I don’t want to give the impression that Razorblade Suitcase is a bad album. It’s not bad by any means. It’s just not exceptionally good.

I’m guessing most people still remember the singles. “Swallowed” was a reasonably big hit. It’s not a bad tune. I really like the first verse being just guitar and vocals before the chorus kicks in to rock out, but when the second verse is stripped down to bass and vocals it comes off as jarring. It strikes me as a song that could have been great with a little more consistency.

I remember “Mouth” from the film An American Werewolf in Paris. (or was it London? I never actually saw the movie.) Unfortunately, that was a remixed version of the track. On this album it’s stripped down to it’s bare bones and quite underwhelming after hearing the other version. Do you remember the single “Cold Contagious”? You’re forgiven if you don’t. I honestly can’t think of anything to say about it one way or another.

My favorite track on the album was always “Greedy Fly.” Whether it was because of the awesome video or the twinkling guitar lines I can’t say. The funny thing is that for as much as I dislike the everything-but-the-bass-cutting-out effect in “Swallowed,” I love it here. The stop/start quality of that heavy chorus riff gets me every time. This is one of those songs I can listen to over and over and never get sick of.

 

The rest of the album is predominantly forgettable. This isn’t like Sixteen Stone where you’re going to want to play it over and over again because the songs get stuck in your head. It’s more like you’ll want to play it several times because you can’t remember if you liked it. The opener “Personal Holloway” is a good rocker to kick things off, but the momentum doesn’t really continue. “Straight No Chaser” and “Bonedriven” try to recapture the magic of “Glycerine” with just Gavin Rossdale accompanied by a cello, but neither really comes close.

Sure, there’s great design and a lot of potential here, but this is the definition of a sophomore slump. I give them credit for branching out, taking risks and trying something new (and this album sold way more copies than anything I’ve ever put out); but this is one of those unhappy cases where artistic integrity didn’t pay off.

 

 

Marilyn Manson “Antichrist Superstar”


antichrist_superstar_4170(8 October 1996, Nothing/Interscope)

There’s something I like to call the “Smoke on the Water Principal (SWP).” You see, as a songwriter I’ve always found it a lot easier to write a more-elaborate-than-necessary guitar riff, jam packed with odd chords and enough hammer-ons and pull-offs to make your head spin than to write a simple, catchy riff. The main riff to Deep Purple’s “Smoke on the Water” is the perfect example of an accomplished musician opting to play something so simple that anyone who picks up a guitar can master it in about three tries, but it’s also one of the most memorable pieces of music written in the past 50 years. Some of the greatest guitar riffs in history have utilized the SWP, even if they didn’t know it. “Smells Like Teen Spirit,” “Paranoid” and “(I Can’t Get No) Satisfaction” are all prime examples.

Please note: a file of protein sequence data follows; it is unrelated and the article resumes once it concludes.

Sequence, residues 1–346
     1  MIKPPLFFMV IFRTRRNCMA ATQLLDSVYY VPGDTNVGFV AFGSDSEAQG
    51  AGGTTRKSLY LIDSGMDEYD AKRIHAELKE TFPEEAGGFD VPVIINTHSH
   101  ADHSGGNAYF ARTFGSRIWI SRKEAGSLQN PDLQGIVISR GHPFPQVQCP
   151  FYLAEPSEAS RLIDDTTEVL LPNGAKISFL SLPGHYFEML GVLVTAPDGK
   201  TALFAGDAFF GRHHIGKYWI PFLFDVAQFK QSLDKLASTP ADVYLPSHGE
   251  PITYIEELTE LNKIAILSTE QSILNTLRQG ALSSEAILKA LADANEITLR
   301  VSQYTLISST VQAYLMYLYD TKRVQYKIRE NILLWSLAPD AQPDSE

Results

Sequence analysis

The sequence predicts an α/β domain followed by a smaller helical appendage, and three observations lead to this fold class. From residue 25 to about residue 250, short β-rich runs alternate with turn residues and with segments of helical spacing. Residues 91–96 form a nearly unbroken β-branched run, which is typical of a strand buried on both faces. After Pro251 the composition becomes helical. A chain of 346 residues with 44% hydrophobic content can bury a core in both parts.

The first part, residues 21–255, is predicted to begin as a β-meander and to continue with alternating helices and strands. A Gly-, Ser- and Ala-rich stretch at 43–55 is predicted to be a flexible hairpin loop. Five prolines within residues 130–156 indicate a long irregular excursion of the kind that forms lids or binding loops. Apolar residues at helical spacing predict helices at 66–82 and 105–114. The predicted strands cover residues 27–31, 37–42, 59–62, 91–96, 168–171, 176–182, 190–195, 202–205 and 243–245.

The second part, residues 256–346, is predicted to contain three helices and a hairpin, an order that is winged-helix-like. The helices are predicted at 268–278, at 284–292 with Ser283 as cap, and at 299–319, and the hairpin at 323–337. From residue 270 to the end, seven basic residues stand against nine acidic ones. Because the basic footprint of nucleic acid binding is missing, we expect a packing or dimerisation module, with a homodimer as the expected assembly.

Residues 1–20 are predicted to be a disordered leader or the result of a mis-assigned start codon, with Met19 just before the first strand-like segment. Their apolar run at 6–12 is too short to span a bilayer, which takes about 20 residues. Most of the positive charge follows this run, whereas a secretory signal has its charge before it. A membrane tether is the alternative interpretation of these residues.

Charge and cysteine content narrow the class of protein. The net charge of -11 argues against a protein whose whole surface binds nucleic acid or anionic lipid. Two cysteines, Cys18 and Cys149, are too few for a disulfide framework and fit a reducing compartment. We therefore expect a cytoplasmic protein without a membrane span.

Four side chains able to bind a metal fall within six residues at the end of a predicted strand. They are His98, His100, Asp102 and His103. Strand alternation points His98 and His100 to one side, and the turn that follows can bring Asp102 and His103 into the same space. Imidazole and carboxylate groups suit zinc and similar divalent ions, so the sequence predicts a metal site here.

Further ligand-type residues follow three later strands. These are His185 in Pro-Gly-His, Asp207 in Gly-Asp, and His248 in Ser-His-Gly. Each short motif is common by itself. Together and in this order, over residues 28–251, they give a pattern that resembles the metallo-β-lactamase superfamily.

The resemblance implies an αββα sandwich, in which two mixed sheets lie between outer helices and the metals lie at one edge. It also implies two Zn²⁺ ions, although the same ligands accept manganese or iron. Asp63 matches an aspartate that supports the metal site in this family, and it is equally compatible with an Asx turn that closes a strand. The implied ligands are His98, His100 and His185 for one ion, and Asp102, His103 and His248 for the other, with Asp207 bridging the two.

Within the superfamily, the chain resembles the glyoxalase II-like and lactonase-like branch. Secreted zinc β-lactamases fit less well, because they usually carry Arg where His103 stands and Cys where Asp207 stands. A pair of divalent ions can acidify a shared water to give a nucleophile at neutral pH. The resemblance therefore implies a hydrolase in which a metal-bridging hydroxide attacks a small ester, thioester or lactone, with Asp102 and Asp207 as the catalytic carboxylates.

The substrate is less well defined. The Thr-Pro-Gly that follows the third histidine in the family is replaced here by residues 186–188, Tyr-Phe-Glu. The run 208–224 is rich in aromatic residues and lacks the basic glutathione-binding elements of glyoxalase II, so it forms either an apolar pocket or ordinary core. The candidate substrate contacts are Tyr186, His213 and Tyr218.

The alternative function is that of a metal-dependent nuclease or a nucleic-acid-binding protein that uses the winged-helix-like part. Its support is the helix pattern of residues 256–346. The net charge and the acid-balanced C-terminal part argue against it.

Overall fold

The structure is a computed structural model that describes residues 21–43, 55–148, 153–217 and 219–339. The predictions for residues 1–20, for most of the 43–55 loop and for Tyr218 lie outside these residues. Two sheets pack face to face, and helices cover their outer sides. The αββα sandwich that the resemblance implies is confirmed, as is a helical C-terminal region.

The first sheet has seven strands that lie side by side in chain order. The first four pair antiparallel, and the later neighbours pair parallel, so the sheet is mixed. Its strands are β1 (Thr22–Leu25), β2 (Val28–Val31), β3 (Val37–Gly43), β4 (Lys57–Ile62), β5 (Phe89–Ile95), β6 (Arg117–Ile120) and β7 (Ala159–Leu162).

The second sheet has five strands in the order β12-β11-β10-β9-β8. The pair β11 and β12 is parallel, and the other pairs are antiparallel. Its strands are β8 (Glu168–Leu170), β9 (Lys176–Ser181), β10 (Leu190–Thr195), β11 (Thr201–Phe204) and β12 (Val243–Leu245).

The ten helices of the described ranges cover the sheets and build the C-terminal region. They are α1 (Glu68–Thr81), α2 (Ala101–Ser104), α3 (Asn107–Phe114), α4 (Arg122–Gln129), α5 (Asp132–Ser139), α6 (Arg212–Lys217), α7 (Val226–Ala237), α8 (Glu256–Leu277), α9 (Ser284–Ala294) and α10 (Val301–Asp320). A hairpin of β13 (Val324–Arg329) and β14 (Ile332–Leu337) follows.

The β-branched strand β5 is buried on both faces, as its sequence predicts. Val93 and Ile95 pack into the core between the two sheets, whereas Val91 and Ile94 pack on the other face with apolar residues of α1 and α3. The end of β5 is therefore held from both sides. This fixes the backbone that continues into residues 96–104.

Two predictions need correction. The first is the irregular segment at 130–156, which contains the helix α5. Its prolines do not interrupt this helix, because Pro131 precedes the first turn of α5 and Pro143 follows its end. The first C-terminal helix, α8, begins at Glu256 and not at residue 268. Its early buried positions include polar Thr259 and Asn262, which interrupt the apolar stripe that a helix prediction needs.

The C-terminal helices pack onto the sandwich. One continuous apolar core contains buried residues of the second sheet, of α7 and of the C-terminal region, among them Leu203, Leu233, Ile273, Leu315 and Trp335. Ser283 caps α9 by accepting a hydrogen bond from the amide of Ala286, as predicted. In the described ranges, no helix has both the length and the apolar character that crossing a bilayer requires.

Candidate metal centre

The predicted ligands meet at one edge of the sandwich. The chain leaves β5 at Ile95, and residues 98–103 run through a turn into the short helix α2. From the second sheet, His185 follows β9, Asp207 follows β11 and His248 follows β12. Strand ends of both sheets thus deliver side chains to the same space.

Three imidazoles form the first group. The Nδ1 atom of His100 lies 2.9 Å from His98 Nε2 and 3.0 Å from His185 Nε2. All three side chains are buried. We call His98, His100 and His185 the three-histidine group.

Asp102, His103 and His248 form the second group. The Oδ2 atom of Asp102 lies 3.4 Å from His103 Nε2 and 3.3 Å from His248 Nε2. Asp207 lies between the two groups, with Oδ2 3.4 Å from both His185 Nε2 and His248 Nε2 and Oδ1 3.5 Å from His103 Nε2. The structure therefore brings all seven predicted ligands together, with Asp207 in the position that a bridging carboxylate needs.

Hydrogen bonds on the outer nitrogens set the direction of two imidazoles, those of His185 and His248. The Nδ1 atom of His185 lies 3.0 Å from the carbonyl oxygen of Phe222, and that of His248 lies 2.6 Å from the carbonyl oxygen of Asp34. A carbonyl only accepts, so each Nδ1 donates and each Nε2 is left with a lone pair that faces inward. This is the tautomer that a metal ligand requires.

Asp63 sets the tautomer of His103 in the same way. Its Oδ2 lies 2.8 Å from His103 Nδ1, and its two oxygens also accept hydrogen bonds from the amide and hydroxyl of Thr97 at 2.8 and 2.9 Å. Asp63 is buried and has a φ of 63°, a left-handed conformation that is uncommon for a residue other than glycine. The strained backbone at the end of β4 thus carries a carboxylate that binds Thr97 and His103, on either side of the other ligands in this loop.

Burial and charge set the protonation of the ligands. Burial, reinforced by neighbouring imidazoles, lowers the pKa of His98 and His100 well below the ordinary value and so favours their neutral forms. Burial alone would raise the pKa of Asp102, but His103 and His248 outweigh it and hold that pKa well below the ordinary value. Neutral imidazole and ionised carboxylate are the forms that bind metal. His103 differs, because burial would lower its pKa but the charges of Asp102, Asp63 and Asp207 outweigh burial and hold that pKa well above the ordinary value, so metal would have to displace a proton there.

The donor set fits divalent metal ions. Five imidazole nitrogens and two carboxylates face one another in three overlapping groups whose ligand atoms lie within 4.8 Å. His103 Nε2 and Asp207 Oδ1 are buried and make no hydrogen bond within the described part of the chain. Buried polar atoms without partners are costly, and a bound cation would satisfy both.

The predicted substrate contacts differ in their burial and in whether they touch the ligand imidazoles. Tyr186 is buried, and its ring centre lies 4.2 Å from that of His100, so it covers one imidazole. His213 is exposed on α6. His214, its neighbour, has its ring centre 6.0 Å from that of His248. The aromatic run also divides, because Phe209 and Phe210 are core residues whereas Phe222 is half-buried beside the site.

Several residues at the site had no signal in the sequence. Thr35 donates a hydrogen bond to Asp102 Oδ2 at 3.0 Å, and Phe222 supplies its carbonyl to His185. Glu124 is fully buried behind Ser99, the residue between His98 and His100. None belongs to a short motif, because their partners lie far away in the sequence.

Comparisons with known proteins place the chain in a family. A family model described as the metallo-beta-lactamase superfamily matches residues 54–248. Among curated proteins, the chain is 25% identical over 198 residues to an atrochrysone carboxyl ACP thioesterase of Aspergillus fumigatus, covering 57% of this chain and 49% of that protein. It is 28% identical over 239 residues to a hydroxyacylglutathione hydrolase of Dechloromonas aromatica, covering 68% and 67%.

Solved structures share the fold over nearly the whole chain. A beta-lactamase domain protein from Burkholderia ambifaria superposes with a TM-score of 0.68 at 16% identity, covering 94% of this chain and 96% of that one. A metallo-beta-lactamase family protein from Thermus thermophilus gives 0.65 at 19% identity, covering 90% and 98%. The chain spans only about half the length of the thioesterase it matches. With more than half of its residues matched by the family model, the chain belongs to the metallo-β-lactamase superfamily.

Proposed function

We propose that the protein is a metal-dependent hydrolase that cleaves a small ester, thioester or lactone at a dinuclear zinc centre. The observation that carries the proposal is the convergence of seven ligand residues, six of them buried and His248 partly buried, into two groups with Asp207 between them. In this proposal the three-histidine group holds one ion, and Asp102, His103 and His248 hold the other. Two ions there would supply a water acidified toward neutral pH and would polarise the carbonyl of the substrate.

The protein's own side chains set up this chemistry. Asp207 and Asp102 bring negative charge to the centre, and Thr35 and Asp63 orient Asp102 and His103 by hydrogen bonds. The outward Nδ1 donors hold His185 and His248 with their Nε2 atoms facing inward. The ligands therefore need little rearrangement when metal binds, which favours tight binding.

And so is the biggest hit of Marilyn Manson’s career “The Beautiful People.”

Antichrist Superstar is a sloppy mess of an album, but that’s part of it’s appeal. It’s strange that something produced by Trent Reznor contains so much feedback and noise, but much like The Downward Spiral it serves as a record of the band at the time.

The only live opener on a studio album that I know of is “Irresponsible Hate Anthem.” I’m not sure if they couldn’t get the sound they wanted in the studio or if they ran out of time and had to pull out a live recording. Either way, it works. The only problem I have with it is the notes say it was recorded on Valentine’s Day 1997, six months after the album came out. Do I have a new pressing? Was this a typo? The world may never know.

“Tied Up, Dried Up and Dead to the World” sounds like Korn to my ears. Not so much the chorus but the ending part with the chugga-chugga-chugga squeal. That’s something I’ve heard in just about every Korn song ever. “Tourniquet” was always one of my favorites. I’m a sucker for those simple riffs with long bends. It’s like “Interstate Love Song,” but way, way darker.

 

The middle portion of the album is where things start to drag. There are a few gems in there. “Little Horn,” “Mister Superstar” and “Angel With The Scabbed Wings” are all decent rockers, but some of the stuff just seems half finished. This is one of those instances of artistic ambitions getting in the way of just making a good album.

But then the third cycle really knocks it out of the park. “Antichrist Superstar” is perhaps the strongest on the album. Drop D chords mesh with crowd cheers to make you feel like your at a Nazi rally. “1996” is great in spite of (or perhaps because of) it’s poor production. It all sounds live in the studio complete with a guitar being smashed at the end. “Minute of Decay” is the one song on the album written completely by Manson. The simple bass line and distorted guitars have always made this a favorite of mine. Plus, it’s the one place you can tell that he really does have a great voice.

“Your world is an ashtray,” is a line that’s been repeating in my head for a few days now. “The Reflecting God” may be the heaviest thing on this album. Is has a frenetic bass line that smashes into the three-chord chorus and really makes me want to smash something. I think that’s about all you can ask from a good heavy metal song. Yet again they use live material for the third pre-chorus and it makes the song that much more intense.

Antichrist Superstar Back CoverI can still remember when the Shirley Jackson inspired video for “Man That You Fear” premiered on MTV and I watched it about seven times. It’s a great closer. The slow track floats along with Reznor playing piano and ends with Manson’s distorted voice saying “When all of your wishes are granted, many of your dreams will be destroyed.”

Yes, Antichrist Superstar is a hectic, dis-joined and messy album. I can’t help but wonder what it would have sounded like if they’d spent less time snorting cocaine and destroying equipment and more time writing songs and practicing. But it stands as a portrait of what the band was like when they were young, hungry and had something to prove to the world and that’s something we’ll never hear from Marilyn Manson again.